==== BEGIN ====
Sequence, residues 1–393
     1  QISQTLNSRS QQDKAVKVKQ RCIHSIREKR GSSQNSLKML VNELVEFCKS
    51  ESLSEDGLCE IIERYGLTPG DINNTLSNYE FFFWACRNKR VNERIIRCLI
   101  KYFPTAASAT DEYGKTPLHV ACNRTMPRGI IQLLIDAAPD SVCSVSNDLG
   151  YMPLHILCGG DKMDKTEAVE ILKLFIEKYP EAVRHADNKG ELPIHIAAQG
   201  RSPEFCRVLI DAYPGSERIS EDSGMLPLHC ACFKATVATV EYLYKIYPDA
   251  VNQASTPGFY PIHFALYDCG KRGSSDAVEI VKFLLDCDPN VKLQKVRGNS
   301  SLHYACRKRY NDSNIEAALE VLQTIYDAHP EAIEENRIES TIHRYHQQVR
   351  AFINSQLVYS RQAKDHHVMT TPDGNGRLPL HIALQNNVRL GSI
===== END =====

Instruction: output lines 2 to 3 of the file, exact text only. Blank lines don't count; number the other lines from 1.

     1  QISQTLNSRS QQDKAVKVKQ RCIHSIREKR GSSQNSLKML VNELVEFCKS
    51  ESLSEDGLCE IIERYGLTPG DINNTLSNYE FFFWACRNKR VNERIIRCLI